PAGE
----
Are Budget Airlines Really Cheaper?

On the surface, budget airlines always appear to be the cheapest option. However, fares aren’t always as they seem when it comes to budget airlines. There’s a myriad of hidden charges when flying on budget airlines – whether that’s baggage fees, seat selection fees, credit card fees or flying out of a far flung airport that costs as much as the flight itself to reach by public transport.

Are budget airlines really cheaper than the full-service alternative?

Let’s investigate.

I’ve chosen five key routes from around the globe in order to compare the cost of using a budget airline with using a traditional, full service airline. All fares will be calculated for flights on the same date (Tuesday 1 October 2013) for a passenger with one bag (weighing 20kgs) who wants to select a normal economy seat (not one with extra legroom) and pay by credit card. If flights depart or arrive at alternate airports, I’ll add the cost of public transport into the equation.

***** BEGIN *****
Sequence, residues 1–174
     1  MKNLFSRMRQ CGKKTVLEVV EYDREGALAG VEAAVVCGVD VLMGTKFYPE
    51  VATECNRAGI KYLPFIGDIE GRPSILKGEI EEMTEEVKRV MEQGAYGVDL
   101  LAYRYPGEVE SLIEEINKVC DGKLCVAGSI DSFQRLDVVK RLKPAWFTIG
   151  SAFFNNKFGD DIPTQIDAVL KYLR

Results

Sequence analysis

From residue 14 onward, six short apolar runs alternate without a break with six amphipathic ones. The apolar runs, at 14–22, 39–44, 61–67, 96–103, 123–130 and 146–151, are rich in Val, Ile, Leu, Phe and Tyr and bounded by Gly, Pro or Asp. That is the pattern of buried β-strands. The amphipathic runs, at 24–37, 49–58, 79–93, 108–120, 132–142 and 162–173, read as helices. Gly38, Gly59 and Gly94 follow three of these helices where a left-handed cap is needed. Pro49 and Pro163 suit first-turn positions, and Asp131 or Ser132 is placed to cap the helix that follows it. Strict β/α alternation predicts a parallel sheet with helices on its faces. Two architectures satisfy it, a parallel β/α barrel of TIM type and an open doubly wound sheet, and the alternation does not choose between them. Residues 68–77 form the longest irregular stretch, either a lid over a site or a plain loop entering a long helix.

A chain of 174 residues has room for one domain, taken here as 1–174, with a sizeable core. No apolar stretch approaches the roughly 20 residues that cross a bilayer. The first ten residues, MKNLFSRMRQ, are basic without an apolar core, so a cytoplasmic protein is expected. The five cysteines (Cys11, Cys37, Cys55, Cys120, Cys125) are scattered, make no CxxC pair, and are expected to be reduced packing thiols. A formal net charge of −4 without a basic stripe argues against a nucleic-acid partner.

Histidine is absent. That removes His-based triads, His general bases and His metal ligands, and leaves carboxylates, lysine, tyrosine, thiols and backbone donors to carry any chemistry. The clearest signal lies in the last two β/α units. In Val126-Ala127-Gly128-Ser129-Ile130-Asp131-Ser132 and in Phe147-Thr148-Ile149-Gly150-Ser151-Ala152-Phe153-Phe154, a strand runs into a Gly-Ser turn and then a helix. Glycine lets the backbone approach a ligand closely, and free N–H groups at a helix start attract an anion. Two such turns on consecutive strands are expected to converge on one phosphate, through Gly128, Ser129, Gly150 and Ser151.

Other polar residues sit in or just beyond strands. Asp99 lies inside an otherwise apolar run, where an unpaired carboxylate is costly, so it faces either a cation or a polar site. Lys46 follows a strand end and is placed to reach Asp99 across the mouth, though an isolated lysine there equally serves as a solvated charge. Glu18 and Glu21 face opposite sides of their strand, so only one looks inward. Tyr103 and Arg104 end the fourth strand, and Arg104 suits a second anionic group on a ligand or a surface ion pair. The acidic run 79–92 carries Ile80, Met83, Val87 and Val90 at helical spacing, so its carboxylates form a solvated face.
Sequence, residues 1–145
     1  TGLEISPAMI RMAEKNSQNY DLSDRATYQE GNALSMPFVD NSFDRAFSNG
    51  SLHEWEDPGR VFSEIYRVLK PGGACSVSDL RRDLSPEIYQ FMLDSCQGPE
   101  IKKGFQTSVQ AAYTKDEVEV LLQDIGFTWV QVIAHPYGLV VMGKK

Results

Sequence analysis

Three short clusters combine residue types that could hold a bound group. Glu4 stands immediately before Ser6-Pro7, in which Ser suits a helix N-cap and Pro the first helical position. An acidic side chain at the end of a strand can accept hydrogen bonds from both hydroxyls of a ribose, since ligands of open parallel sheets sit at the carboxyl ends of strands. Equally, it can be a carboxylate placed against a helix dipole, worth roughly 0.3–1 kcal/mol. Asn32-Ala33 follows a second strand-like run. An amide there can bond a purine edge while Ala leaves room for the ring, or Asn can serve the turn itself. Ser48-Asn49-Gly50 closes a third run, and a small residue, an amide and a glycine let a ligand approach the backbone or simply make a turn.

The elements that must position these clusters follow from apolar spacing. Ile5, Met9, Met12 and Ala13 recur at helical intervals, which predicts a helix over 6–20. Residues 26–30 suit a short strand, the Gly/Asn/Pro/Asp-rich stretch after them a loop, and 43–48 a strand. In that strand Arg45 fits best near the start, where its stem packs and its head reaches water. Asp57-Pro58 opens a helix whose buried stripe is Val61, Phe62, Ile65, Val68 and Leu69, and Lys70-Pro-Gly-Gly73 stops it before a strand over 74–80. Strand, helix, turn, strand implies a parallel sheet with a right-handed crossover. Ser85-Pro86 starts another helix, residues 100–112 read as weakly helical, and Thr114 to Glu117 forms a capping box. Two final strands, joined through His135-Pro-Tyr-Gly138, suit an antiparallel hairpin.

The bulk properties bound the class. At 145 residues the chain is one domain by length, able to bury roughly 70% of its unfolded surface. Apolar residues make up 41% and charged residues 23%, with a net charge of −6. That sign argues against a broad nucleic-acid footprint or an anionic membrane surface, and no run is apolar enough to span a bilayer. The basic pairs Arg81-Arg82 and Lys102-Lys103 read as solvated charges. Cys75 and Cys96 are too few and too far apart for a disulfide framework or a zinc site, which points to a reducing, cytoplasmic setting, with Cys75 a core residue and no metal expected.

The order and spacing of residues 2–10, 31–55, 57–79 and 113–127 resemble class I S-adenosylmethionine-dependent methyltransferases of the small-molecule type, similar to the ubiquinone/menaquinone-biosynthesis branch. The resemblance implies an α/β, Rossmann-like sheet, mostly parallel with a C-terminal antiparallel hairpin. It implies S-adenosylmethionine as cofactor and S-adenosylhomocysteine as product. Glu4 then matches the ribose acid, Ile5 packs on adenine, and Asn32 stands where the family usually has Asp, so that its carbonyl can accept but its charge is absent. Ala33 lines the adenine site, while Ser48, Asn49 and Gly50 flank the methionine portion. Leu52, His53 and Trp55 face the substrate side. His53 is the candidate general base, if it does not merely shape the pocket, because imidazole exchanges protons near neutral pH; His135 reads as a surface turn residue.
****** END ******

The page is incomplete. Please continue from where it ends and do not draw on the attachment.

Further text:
London to Berlin

Budget option:

Flying on Easyjet from London Luton to Berlin Schoenefeld – Total journey cost $109.70

(Fare $55.50, credit card charge $2, baggage $21.50, seat selection $4.70, train to Luton $22. train from Schoenefeld $4)

Full-service option:

Flying Lufthansa from London Heathrow to Berlin Tegel – Total journey cost $ 92.55

(Fare $75, no charge for baggage, credit card charge $6.85, no charge for seat selection, Tube to Heathrow $7.60, train from Tegel $3.10)